NORMAN — A television show inspired Dana Cramer to become a firefighter.
“My parents were involved in the community,” Cramer said. “My dad was an Optimist member. I thought it (being a firefighter) was a good way to get involved in the community.”
Cramer also enjoyed hit television show, “Emergency!”
“That made it intriguing,” he said. “I thought it would be interesting and a great way to help people.”
Cramer has dedicated his life to helping people, as a firefighter riding the truck to suppress fires and in a number of roles including as a trainer, teaching up and coming firefighters how to protect themselves and others.
“There’s something new every day,” he said.
Maybe that’s why he’s been at it for over three decades. Cramer has worked for the city of Norman’s fire department since 1978. The department has doubled in that time.
“The department’s gotten a lot bigger,” Cramer said. “We have 163 approved positions right now.”
When he started in 1978, Cramer was paid $3.05 an hour. His first day of work was Sept. 11, after raises had been approved in July.
Improvements in technology and equipment have made the job safer and easier over the years. Airpacks were new in 1978, Cramer said. Now airpacks are refined personal alerts built in with safety warnings and heat alarms.
Fire trucks are safer too. Modern fire fighters wear seat belts.
“We used to stand on the back and hang on,” he said. “Everything is a lot safer and better built.”
The number of Norman fire stations has doubled also.
“When I hired on, they were just fixing to open up (Fire Station) No. 4,” he said. “There were 12 guys in my class — 12 litter mates — we’re all brothers.”
Cramer is the “sole survivor” of the litter, he said. The others have all retired.
Asked why he’s still at it, Cramer laughed. He has a son in graduate school at Oklahoma State University and a daughter who’s a freshman at University of Oklahoma. Son, Cody Cramer, was awarded the $1,000 Steve Cain Memorial Scholarship this year.
“Both schools are getting a little of the Cramer household money,” he said.
But it’s pretty clear from talking to him that Cramer’s continued service to the city goes well beyond a desire to pay for college tuition.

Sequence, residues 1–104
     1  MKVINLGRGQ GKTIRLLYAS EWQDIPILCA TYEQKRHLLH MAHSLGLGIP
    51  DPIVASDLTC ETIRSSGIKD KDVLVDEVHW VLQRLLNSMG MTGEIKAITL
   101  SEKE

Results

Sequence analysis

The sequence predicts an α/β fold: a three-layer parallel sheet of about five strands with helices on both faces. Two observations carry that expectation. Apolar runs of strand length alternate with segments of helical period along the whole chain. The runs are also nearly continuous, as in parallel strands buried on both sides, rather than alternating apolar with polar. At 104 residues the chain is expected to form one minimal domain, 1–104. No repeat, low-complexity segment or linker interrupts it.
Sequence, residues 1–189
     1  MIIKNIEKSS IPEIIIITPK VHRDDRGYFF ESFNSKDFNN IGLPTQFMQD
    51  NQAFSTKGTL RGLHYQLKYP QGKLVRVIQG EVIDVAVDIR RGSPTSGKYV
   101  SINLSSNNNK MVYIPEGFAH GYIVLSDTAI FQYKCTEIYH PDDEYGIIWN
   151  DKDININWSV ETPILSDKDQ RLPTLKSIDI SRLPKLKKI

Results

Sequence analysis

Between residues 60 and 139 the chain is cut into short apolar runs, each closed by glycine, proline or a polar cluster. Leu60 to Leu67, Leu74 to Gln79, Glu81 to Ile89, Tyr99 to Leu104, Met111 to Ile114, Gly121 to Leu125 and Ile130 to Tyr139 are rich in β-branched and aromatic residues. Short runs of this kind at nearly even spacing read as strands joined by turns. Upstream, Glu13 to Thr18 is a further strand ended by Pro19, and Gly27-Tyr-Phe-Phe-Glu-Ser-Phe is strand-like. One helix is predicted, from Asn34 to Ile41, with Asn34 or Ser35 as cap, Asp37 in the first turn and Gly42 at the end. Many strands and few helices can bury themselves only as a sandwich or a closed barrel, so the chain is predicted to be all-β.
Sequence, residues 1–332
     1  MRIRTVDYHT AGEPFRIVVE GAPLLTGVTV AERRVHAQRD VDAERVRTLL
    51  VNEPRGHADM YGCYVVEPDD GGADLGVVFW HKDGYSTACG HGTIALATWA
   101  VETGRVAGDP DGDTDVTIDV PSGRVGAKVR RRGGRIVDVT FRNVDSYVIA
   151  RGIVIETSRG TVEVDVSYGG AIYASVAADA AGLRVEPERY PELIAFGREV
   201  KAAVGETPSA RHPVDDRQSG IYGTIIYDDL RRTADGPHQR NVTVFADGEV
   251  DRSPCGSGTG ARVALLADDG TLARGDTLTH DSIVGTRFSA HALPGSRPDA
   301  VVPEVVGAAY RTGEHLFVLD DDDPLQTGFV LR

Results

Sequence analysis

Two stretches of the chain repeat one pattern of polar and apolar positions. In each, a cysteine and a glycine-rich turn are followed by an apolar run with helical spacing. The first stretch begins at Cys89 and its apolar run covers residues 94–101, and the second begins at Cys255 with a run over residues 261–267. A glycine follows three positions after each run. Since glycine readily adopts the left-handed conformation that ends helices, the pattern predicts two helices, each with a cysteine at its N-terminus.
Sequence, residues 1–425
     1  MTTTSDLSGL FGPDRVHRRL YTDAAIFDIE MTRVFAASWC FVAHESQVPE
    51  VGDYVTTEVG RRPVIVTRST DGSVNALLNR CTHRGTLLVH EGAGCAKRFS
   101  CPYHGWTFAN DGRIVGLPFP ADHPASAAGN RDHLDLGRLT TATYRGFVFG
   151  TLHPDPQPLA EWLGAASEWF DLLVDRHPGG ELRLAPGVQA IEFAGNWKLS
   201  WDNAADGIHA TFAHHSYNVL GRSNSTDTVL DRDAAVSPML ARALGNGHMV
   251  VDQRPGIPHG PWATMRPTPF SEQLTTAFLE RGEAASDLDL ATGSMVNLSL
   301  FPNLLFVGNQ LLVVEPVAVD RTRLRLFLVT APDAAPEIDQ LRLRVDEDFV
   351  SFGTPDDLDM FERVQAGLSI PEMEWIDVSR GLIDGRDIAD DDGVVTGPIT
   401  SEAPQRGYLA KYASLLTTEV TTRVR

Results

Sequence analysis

Despite better equipment and technology, fire fighters still risk injury and worse every time they go out on a call. And while equipment has improved, there are new hazards on the job.
Walls and roofs made of synthetics create dangerous smoke issues, for example. Cramer said his wife, Diana, focuses on the good side of his job — service to others — rather than worrying about the dangers of the job.
“She knows I’m well-trained,” he said. “I go to as many training classes and conferences as I can to stay up-to-date.”
He’s also passionate about training his fellow firefighters. While he doesn’t have the data to prove what he’s witnessed through the years, Cramer said firefighters with three to eight years of experience are often at the greatest risk.
“They think they know more than what they really know,” he said. “I was in the same boat.”
Now, he tries to be a good role model.
“Being over in training, I try to set a good example,” he said.
He shares his experiences to help new recruits not make the same mistakes he’s made. Two firefighters Cramer helped for their first promotions eventually ended up as fire chiefs, Johnny Vaughn and current Norman Fire Chief James Fullingim.
“Dana’s always been there for me,” Fullingim said.
“I just like helping people,” Cramer said. “It’s fun seeing guys progress through the ranks.”
Cramer has served in a number of capacities and been recognized with many awards through the years, but the one that still means the most was the David Bain Award presented by the Oklahoma State Firefighters Association. Cramer was the award’s first-ever recipient. The award recognizes service to community and to the Oklahoma State Firefighters Association by a person who also possesses attributes that coincide with involvement in youth programs through church, school, or community. The award recipients are roles models with “impeccable characters” according to the OSFA website.
But the attributes the David Bain Award recognizes aren’t the reason, Cramer becomes emotional when asked about it. Bain was a Midwest City firefighter who became one of Cramer’s closest friends before his death from cancer.
“That was a big loss,” Cramer said.
The Bain Award is considered so special, it’s not even given out every year.
“It caught me totally off-guard,” Cramer said. “I don’t know why I got it.”
Those who know Dana Cramer aren’t surprised, however.
“Dana exemplifies the Norman Fire Department, he is what we wish every Norman firefighter would be like,” Fullingim said.
Joy Hampton 366-3539 email@example.com